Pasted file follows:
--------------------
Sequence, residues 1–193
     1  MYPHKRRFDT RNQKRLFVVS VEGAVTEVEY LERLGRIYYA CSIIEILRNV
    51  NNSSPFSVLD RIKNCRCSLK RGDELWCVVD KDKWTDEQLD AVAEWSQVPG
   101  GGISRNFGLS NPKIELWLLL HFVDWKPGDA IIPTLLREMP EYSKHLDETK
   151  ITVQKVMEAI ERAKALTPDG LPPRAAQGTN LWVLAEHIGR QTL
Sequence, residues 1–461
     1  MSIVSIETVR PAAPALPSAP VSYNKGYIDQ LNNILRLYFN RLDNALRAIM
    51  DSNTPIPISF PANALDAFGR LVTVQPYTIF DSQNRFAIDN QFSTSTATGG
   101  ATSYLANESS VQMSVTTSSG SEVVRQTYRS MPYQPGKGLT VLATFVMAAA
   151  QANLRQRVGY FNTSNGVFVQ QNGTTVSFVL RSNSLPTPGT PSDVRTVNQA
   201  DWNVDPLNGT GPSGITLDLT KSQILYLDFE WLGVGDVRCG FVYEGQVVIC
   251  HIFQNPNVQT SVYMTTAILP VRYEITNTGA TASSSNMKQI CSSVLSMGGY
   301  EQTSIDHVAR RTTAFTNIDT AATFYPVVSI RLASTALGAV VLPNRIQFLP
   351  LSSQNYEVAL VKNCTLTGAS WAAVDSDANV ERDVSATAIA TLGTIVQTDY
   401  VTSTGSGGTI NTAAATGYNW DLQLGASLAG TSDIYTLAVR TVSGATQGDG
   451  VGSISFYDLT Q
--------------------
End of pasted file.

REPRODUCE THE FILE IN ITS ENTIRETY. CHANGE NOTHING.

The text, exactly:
Sequence, residues 1–193
     1  MYPHKRRFDT RNQKRLFVVS VEGAVTEVEY LERLGRIYYA CSIIEILRNV
    51  NNSSPFSVLD RIKNCRCSLK RGDELWCVVD KDKWTDEQLD AVAEWSQVPG
   101  GGISRNFGLS NPKIELWLLL HFVDWKPGDA IIPTLLREMP EYSKHLDETK
   151  ITVQKVMEAI ERAKALTPDG LPPRAAQGTN LWVLAEHIGR QTL
Sequence, residues 1–461
     1  MSIVSIETVR PAAPALPSAP VSYNKGYIDQ LNNILRLYFN RLDNALRAIM
    51  DSNTPIPISF PANALDAFGR LVTVQPYTIF DSQNRFAIDN QFSTSTATGG
   101  ATSYLANESS VQMSVTTSSG SEVVRQTYRS MPYQPGKGLT VLATFVMAAA
   151  QANLRQRVGY FNTSNGVFVQ QNGTTVSFVL RSNSLPTPGT PSDVRTVNQA
   201  DWNVDPLNGT GPSGITLDLT KSQILYLDFE WLGVGDVRCG FVYEGQVVIC
   251  HIFQNPNVQT SVYMTTAILP VRYEITNTGA TASSSNMKQI CSSVLSMGGY
   301  EQTSIDHVAR RTTAFTNIDT AATFYPVVSI RLASTALGAV VLPNRIQFLP
   351  LSSQNYEVAL VKNCTLTGAS WAAVDSDANV ERDVSATAIA TLGTIVQTDY
   401  VTSTGSGGTI NTAAATGYNW DLQLGASLAG TSDIYTLAVR TVSGATQGDG
   451  VGSISFYDLT Q